* Cites “changes in the market” for ground beef products
* Says plans to sell some or all of its assets
* Industry may not recover from the controversy - expert
By Tanya Agrawal and Andrew Stern
April 2 (Reuters) - Ground beef processor AFA Foods filed for bankruptcy protection on Monday, citing the impact of the uproar over a meat filler dubbed “pink slime” by critics.
Meat processors have faced a backlash over the use of an ammonia-treated beef filler they call “finely textured beef.” Food activists have campaigned to have it banned, but supporters say the product is safe to eat.
AFA is one of the largest ground beef processors in the United States and produces more than 500 million pounds of ground beef products annually, the company said in documents filed in U.S. Bankruptcy Court in Wilmington, Delaware.
In filing for bankruptcy, it cited “recent changes in the market” for its products and media coverage related to the filler, and said it was seeking a sale of some or all of its assets. AFA owner Yucaipa Companies, the investment firm founded by Ron Burkle, could not immediately be reached for comment.
The backlash over “pink slime” has prompted companies such as Beef Products Inc (BPI) to halt production at some of its plants and has led some big U.S. supermarket operators, including Safeway Inc and Supervalu Inc, to say they will stop buying the ammonia-treated beef.
The impact of the controversy is far-reaching, said Gary Acuff, director of the Center for Food Safety at Texas A&M University in College Station.
“The public view of this product is pretty damaged at this point,” Acuff said. “I’m not sure they’ll recover from something like this.”
Jeremy Russell, of the National Meat Association, said “this is certainly going to have an economic impact on the industry” from cattle ranchers to meat processors, affecting thousands of jobs.
Ground beef makes up a “big part” of the overall meat market, and prices are sure to rise, he said.
The phrase “pink slime” was first used by a former USDA microbiologist, Gerald Zirnstein, who used the term in a 2002 email to co-workers after having toured a BPI plant. The current debate began after celebrity chef Jamie Oliver drew attention to the product.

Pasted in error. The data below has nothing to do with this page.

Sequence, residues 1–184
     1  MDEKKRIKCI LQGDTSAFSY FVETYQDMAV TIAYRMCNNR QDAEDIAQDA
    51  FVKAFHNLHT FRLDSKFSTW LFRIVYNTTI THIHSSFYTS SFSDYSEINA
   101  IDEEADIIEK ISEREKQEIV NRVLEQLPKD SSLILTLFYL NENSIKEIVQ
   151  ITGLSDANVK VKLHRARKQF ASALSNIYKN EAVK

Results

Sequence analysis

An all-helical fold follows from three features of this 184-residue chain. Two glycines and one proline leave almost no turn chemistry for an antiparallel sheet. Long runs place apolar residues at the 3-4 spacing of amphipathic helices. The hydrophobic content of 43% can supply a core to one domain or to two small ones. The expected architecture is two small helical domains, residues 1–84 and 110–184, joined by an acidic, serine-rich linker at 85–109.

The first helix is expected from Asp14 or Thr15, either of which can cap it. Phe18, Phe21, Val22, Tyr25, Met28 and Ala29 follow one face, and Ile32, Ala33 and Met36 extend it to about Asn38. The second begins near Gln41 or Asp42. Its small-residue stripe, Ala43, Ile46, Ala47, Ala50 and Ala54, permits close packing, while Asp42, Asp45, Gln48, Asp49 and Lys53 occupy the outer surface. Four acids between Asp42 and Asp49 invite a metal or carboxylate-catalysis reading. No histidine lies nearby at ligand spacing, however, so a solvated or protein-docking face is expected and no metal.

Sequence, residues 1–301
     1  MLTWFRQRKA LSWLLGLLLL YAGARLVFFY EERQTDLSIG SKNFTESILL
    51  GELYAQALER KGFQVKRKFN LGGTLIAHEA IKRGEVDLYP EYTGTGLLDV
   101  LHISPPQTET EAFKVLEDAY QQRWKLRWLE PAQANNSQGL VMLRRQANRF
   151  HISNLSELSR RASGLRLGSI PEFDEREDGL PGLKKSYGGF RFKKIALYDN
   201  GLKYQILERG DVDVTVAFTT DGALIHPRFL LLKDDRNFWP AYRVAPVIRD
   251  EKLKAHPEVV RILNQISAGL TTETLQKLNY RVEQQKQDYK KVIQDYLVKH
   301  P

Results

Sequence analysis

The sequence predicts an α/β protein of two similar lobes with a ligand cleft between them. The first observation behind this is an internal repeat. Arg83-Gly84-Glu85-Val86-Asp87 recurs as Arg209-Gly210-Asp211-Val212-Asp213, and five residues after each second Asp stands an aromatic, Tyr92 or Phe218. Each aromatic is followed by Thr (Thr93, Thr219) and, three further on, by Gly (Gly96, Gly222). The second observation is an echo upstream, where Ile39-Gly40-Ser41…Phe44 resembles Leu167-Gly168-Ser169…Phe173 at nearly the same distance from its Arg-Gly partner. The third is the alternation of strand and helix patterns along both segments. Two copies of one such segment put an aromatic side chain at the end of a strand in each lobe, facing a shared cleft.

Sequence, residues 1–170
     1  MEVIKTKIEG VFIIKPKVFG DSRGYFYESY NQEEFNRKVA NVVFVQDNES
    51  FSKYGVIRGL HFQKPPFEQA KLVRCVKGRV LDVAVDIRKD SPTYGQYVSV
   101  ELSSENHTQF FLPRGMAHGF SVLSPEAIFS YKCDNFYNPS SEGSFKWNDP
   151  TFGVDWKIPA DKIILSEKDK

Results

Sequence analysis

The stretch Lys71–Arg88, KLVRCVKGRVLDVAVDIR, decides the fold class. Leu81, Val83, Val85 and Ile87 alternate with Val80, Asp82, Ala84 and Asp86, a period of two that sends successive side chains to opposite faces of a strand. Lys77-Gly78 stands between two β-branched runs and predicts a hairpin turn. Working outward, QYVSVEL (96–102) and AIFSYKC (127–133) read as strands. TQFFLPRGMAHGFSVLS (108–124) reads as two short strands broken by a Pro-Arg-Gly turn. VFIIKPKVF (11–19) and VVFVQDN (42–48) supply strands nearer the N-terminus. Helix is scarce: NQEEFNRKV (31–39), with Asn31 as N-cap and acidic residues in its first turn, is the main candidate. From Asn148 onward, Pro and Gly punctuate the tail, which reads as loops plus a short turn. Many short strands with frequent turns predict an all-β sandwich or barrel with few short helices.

Some politicians have rallied to the industry’s side, including Iowa Governor Terry Branstad, who blasted the celebrity critics.
“This to me is outrageous,” Branstad said. “I want to expose the people who are behind this. I don’t think Americans need to be misled by a smear campaign.”
AFA, based in King of Prussia, Pennsylvania, has plants in California, Georgia, New York, Pennsylvania and Texas. It has about 850 full-time employees. As of December 2011, it posted annual revenue of $958 million.
The company expects to idle the California facility this week to conserve cash and cut unneeded processing capacity under current market conditions, according to a court filing.
AFA said it has $219 million in assets and $197 million in liabilities. AFA also said it has secured a commitment for $56 million in debtor-in-possession financing from its lenders GE Capital and Bank of America.
“An orderly sale through Chapter 11 will unlock value and provide a smooth transition for employees, customers and other business partners,” Ronald Allen, interim chief executive of AFA Foods, said in a statement.
The case is In re: AFA Foods Inc, U.S. bankruptcy court, District of Delaware, No: 12-11128.